There are lots of reasons why the wine world should ramp up its attempts to address problems of diversity and equality. Elaine Chukan Brown covers many of them in her post “Widening the Wine World“:
The wine industry will surely benefit by working to make the wine world more diverse. Studies have repeatedly shown the most successful businesses are those with the greatest diversity at [the] decision-making level. With the various economic challenges being faced globally, wine businesses would be smart to strengthen their ability to succeed on multiple levels.
I have another reason why wine businesses should promote diversity. With initiatives such as the proposed Florida law that would effectively prevent school children from learning about racism, and the book burning going on in schools and libraries throughout the country, we can no longer count on educational institutions to keep the focus on diversity. It thus falls on all of us in private organizations including wine businesses to treat everyone with respect and expand opportunities for people too often left out because of racial or gender bias and discrimination, especially at the decision-making level.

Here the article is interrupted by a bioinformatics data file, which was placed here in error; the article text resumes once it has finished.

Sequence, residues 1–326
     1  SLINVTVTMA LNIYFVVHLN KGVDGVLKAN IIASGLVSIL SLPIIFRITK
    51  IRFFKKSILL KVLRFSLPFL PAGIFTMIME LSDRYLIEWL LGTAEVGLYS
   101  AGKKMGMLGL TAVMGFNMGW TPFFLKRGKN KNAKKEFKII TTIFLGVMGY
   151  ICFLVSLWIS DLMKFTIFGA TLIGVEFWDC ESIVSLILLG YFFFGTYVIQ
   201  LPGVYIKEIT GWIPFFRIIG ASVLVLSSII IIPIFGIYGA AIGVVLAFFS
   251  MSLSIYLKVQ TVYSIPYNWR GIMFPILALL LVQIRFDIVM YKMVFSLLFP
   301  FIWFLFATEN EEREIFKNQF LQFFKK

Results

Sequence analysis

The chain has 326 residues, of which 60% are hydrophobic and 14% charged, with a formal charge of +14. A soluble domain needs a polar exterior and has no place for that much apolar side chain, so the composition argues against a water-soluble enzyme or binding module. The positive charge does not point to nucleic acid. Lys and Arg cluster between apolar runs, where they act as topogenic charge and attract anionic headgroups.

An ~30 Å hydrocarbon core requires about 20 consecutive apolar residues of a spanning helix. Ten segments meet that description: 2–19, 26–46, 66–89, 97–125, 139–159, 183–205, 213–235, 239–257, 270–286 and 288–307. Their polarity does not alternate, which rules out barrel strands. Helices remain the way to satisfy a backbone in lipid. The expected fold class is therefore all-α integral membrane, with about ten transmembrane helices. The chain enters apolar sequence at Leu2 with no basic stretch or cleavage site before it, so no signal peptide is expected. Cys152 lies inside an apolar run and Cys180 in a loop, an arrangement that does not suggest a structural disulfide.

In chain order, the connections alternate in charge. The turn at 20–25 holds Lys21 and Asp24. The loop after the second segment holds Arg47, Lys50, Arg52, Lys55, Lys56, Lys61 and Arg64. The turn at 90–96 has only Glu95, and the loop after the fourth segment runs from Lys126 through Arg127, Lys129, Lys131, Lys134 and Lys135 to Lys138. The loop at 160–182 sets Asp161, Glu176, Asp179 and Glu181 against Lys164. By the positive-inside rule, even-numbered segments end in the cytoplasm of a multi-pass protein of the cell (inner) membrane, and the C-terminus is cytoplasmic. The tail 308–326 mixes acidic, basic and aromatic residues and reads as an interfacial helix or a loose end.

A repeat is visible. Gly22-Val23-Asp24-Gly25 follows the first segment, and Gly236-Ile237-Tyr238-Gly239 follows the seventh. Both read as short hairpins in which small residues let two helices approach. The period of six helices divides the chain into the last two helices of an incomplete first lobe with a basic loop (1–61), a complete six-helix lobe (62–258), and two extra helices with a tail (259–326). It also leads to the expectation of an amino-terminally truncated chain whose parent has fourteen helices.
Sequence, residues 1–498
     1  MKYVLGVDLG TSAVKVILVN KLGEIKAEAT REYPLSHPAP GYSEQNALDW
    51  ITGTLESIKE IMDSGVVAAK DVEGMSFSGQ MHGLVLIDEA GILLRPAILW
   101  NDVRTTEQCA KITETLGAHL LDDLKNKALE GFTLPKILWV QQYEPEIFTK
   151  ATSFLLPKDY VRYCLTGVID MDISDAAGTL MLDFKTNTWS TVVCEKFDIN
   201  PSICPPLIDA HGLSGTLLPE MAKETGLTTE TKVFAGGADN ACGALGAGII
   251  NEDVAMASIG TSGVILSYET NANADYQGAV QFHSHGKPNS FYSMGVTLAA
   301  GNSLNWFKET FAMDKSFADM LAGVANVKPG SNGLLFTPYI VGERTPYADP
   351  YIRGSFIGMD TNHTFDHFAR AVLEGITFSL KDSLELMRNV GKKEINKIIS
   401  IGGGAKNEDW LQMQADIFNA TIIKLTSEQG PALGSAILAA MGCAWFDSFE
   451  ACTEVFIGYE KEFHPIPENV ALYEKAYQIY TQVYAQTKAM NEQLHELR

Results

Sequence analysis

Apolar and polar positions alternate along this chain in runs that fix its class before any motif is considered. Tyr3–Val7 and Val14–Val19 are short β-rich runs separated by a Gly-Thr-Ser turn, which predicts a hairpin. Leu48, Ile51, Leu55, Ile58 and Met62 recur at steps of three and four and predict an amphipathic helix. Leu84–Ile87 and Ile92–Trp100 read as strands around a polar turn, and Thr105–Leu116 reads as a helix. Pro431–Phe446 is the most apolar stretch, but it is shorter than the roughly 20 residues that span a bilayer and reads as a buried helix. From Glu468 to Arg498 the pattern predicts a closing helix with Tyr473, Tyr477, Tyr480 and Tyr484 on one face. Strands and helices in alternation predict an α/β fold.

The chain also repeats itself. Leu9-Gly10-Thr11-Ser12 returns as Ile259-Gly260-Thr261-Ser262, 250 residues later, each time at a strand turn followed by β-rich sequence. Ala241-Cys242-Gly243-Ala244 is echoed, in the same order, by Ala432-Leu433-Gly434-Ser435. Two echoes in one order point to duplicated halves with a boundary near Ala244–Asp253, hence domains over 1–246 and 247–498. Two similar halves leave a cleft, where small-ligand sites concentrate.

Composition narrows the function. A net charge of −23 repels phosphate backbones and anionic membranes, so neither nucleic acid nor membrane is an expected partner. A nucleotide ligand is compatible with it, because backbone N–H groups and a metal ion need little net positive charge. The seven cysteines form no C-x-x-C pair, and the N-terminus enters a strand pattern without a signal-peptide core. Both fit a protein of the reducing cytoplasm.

In this regard, Elaine makes another important point. Referring to the increase in scholarships for certification programs, she writes:
By focusing on education, we treat the problem of diversity as one based in the candidates themselves and miss that the problem is largely in the way the wine world itself operates. When we assume education must take a traditional classroom and certification model, we miss an even older tradition of education based in learning by doing, on-the-job training, and community-based mentoring.
Wine production, wine marketing, and wine consumption don’t happen in the classroom. The vineyard, the winery, the wine shop, the tasting room, the interactions at the restaurant table—this is where wine takes place. It’s important to expand educational opportunities, but the need to advance equality of opportunity can’t stop there. All levels of the industry must be working toward that goal if we are to achieve success. A longer article by Brown detailing practical steps various stakeholders can take to expand diversity is available here.
Reactionaries seem to be gaining the upper hand at the moment but they won’t succeed if we maintain the commitment to diversity in the organizations we are part of.